After making clear that he had been instructed to convey the country's views, Argentina's counsel asserted that the special master had never consulted the country about the statement and called it "harmful and prejudicial." Argentina, he said, "no longer has ... confidence in the process as currently constituted under the Special Master." That's a pretty large bottle of gasoline to throw on this particular fire. Argentina made no formal request to have the master removed, and the judge made clear he wouldn't consider doing so. So why raise the issue? Perhaps Argentine officials are so upset they couldn't help themselves. Or perhaps they hope that the special master will be suitably chastened and might.... what? He has no official power, and he can't make NML compromise. So I'm a bit stuck here. Anyway, the judge not only refused to remove the special master, he added that, if the special master used the word "default," well "it can hardly be said to be inaccurate..." Ouch.

As I said, a lot of fireworks, but not much new. The judge was mad at Argentina before July 30 but seems madder now. So that's new. And Argentina, while still mad at the plaintiffs, is now also mad at the special master. So that's new, too. And we can guess that the special master, who may or may not have been mad at Argentina before, is at least a little mad now. Maybe he'll tell us in his next press release. Basically, everyone needs a time out. A ruling on those pending motions would be nice, too.


This is the trouble with a judge ruling on matters outside his jurisdiction. The Second Circuit should have removed Griesa from the case, and then thrown the entire case out under the political question doctrine.

Thank you for the fascinating coverage. One question: is there a procedure whereby an affected party can appeal to remove a judge if the capacity of the judge, to continue ruling on the issues in the specific case, can be shown to be inadequate? Arguably Griesa has proven on multiple occasions to be incapable of sufficiently grasping the issues, and his age is probably an important factor.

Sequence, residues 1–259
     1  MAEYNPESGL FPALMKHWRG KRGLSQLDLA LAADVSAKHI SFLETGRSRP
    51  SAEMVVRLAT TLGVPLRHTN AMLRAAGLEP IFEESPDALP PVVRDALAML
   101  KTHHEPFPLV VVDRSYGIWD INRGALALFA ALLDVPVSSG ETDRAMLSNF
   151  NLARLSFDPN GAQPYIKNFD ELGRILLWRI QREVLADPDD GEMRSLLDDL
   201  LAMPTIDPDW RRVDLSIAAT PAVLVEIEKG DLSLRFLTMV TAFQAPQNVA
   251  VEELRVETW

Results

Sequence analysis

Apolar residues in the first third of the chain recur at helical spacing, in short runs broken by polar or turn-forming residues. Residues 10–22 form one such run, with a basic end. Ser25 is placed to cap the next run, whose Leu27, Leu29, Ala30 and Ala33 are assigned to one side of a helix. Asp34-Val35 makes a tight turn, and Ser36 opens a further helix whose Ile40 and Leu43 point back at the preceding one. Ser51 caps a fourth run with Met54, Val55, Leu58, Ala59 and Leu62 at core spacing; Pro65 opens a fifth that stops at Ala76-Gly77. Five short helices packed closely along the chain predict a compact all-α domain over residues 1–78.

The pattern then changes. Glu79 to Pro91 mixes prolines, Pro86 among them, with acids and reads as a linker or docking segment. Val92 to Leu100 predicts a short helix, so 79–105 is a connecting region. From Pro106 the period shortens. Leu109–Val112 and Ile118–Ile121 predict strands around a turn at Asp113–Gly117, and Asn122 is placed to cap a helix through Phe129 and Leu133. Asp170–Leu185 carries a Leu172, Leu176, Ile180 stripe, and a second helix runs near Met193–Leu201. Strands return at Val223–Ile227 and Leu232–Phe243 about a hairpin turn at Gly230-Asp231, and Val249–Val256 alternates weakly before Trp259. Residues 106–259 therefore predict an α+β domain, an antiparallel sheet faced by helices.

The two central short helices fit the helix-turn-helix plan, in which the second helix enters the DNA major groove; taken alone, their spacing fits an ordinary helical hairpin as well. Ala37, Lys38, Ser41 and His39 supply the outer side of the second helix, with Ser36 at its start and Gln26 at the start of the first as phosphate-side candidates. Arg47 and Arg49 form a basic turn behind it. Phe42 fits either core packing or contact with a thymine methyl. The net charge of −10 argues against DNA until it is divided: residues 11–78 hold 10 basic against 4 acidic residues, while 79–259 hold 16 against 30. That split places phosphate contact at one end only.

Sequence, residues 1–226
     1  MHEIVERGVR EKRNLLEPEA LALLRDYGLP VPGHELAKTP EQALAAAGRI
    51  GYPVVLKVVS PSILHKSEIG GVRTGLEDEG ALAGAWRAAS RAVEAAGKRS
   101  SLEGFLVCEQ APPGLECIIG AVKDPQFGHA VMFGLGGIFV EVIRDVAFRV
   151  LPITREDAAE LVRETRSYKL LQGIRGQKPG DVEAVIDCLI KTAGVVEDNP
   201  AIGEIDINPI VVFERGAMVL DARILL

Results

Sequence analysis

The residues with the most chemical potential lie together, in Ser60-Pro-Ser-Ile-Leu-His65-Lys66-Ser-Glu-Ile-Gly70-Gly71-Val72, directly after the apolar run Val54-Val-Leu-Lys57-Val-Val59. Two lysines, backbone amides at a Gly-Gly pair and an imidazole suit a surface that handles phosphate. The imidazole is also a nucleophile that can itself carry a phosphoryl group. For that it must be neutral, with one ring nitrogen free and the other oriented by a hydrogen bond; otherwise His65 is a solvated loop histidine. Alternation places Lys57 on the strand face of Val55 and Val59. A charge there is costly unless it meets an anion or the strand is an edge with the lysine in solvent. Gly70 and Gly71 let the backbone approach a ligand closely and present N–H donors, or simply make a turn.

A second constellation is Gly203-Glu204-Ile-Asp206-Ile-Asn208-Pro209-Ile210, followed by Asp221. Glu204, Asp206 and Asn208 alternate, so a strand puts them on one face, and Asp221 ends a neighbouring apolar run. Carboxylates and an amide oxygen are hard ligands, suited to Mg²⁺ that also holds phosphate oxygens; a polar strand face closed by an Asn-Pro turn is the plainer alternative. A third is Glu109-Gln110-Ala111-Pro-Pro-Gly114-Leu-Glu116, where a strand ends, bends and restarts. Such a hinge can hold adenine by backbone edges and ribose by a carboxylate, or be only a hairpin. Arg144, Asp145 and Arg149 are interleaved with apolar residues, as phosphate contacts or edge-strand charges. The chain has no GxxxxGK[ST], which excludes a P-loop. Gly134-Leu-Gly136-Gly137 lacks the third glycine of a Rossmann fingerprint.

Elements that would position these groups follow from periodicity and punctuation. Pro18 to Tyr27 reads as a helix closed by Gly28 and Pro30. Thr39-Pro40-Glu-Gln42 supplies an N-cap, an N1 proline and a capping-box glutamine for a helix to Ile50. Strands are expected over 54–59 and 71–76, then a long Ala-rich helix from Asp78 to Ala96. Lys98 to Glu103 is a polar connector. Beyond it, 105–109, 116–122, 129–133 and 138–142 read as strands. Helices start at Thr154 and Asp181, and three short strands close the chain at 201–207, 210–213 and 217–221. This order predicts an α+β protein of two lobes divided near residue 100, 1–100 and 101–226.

Argentine press is reporting that the government is launching an investigation to determine whether there is collusion between the Judge, the Special Master and the vultures to send Argentina into default and then collect the CDS. It is suspicious that the vultures had the last word on whether there would be a stay or not, but they are also members of ISDA. Vultures claimed not to be in possession of CDSs, but by denying the stay while being part of the institution that determines the event of default they could have manipulated the whole thing just to collect that money.... The plot thickens by the hour

Anyone, where can I find the transcript of this hearing? Thank you

It is soooo boring, when uninformed people continue telling the world that Senior Federal Judge Griesa, and only he, accepts his ruling.

The full United States Court of Appeals affirmed judge Griesa's ruling, as can be seen in:

United States Court of Appeals ruling, NML Capital, Ltd. v. Republic of Argentina 12-105(L)

p. 28f:

For the reasons stated, the judgments of the district court (1) granting summary judgment to plaintiffs on their claims for breach of the Equal Treatment Provision and (2) ordering Argentina to make “Ratable Payments” to plaintiffs concurrent with or in advance of its payments to holders of the 2005 and 2010 restructured debt are affirmed."


>>> The full United States Court of Appeals affirmed judge Griesa's ruling <<<